Colbert’s convocation, energy drinks & #IWD

What students are talking about today (March 7th)

Stephen Colbert (cliff1066™/Flickr)

1. Washington Post has compiled a list of this year’s famous U.S. college commencement speakers. It’s bound to make Canadian students jealous. The speakers include President Obama, Cal Ripken, Jr., the Dalai Lama, Oprah Winfrey, Joss Whedon (of Buffy the Vampire Slayer and The Avengers fame) and Drew Houston (the co-founder and CEO of Dropbox). Best of all, the University of Virginia has landed Stephen Colbert for their May 18 graduation. The fake Republican newsman and comedian has done this before. In 2011 he spoke at his alma mater, Northwestern University. Here’s a sample from the full text via the Chicago Sun-Times: “Northwestern’s academic resources are unparallelled. The library contains five million books, and 100,000 periodicals, none of which anyone reads because they’re not on an iPad. Next year I believe Deering Library is being converted to a Chipotle.”

2. Why is it that student politicians so often think it’s their job to limit access to whatever it is they don’t like? Bottled water, for example, has been banned at numerous Canadian campuses because of its environmental impact. I agree that bottled water is bad, so I don’t buy it very often, but the bans do little but force people to buy it off-campus or drink—gasp—Coke. Earlier this week Ryerson’s student union decided to “reject” clubs that believe in misandry, the entirely reasonable concept that, just as some people hate women (misogynists), some people hate men. Today it’s Nicole Tupechka, vice-president student life of the Students’ Association of MacEwan University, who wants to ban something. Well, not quite ban, she says, but “reduce the visibility” of energy drinks on campus. She wants to “encourage good habits” and “set students up for success,” by having fewer machines, she tells The Griff student newspaper. It’s true that energy drinks can be unhealthy, but they’re not exactly heroin. Why not let students decide for themselves?

3. Friday is International Women’s Day. Alexandria van Dyck writes in The Uniter out of Winnipeg, “for many of us young feminists, fortunate enough to have been born after our foremothers’ struggles reshaped the possibilities available for people of all genders, we are out of touch with a broader feminist movement. That, I think, is where our March 8 celebrations come in. International Women’s Day is an opportunity for us as feminists to connect, perhaps for the first time, with a broader community of people who are standing in solidarity in the fight for gender equality.” Meanwhile, feminists will be pleased to learn that four new Equity Studies courses, which focus partly on gender, will be offered in Ontario high schools this fall, reports Western News.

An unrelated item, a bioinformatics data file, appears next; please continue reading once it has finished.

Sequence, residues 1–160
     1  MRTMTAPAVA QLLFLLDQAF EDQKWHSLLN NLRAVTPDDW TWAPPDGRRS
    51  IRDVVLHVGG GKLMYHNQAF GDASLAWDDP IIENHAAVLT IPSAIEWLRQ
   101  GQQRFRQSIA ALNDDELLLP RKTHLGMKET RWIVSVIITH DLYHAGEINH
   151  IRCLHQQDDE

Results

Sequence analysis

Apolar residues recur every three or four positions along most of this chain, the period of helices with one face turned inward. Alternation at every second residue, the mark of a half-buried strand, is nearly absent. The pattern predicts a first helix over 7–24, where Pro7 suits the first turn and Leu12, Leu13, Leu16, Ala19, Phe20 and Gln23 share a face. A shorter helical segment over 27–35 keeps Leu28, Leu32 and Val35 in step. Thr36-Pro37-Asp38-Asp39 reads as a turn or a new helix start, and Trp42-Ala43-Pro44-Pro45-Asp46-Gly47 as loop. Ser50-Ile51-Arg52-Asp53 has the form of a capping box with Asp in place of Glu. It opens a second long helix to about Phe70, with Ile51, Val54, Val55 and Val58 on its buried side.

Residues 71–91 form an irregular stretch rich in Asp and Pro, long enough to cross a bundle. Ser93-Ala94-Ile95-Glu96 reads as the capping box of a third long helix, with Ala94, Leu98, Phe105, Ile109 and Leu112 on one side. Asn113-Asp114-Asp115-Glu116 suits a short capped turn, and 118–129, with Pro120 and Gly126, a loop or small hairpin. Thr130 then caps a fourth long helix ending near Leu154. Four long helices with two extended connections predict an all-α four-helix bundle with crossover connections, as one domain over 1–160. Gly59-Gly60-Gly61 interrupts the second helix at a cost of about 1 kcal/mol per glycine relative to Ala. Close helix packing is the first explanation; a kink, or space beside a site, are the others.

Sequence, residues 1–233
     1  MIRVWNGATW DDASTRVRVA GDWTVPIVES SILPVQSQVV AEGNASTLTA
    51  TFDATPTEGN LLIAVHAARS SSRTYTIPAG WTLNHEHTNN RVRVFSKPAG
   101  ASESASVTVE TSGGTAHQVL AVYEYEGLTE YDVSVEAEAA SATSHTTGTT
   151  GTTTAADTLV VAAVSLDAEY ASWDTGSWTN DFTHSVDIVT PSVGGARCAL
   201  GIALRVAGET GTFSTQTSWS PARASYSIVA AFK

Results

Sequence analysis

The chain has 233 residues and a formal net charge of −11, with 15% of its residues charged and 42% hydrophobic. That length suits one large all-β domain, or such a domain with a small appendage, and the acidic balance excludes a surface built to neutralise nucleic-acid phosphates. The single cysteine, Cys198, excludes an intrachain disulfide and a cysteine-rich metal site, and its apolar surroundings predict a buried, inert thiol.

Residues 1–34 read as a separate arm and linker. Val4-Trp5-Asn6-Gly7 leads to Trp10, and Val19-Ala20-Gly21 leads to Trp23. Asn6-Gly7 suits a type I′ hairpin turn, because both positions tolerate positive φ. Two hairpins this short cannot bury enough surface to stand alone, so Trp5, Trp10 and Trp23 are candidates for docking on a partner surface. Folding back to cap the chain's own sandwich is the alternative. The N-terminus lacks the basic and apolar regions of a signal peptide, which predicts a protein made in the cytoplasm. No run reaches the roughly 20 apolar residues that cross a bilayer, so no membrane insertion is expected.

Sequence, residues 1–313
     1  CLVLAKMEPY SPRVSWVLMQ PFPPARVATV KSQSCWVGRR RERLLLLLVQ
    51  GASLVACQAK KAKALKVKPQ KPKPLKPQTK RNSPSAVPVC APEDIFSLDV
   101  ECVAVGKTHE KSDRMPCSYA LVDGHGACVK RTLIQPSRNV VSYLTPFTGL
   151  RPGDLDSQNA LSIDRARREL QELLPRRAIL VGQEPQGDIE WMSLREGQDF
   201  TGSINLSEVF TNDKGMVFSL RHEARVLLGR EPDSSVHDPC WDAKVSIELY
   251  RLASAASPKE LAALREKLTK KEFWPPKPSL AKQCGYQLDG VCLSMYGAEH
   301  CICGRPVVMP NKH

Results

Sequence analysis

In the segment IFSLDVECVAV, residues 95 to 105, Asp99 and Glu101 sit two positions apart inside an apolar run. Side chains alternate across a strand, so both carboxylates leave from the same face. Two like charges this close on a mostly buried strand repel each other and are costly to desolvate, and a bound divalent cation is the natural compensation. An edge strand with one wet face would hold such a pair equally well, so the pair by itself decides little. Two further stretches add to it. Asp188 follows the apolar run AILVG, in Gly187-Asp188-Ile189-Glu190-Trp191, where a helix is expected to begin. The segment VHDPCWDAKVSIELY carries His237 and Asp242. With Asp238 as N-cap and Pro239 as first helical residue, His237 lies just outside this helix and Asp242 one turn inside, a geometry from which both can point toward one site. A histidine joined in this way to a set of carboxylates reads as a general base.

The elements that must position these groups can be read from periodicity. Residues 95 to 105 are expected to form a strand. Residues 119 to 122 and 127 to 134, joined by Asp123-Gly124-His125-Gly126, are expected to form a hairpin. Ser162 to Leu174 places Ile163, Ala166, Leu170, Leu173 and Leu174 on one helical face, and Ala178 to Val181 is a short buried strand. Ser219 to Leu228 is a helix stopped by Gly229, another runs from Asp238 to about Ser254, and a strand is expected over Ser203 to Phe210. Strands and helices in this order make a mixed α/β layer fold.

4. A paid women’s soccer coaching position has been axed from the University of Calgary, reports 660 News, and it’s the third U of C women’s varsity team to lose funding. This reminded me of a recent article in The Sheaf that reported on how 408 of 480 head coaches of Canadian Interuniversity Sport teams are male. Tom Huisman, director of operations and development for the CIS, told The Sheaf that he “does not agree” there is gender inequality in coaching at CIS—despite those obvious numbers. Happy International Women’s Day, female athletes. Or maybe not.

5. The University of Saskatchewan is considering an architecture program. Travis Homenuk writes in The Sheaf that with a projected budget deficit of $44.5 million by 2016 and recent layoffs, it’s bad timing. I guess that would depend on whether architecture, as a professional program, would cost the university money. After all, professional programs charge students a lot more than undergraduate programs. Tuition to Saskatchewan’s dentistry school, though obviously more expensive than architecture would be, is $32,960. Perhaps architecture could pay for itself?

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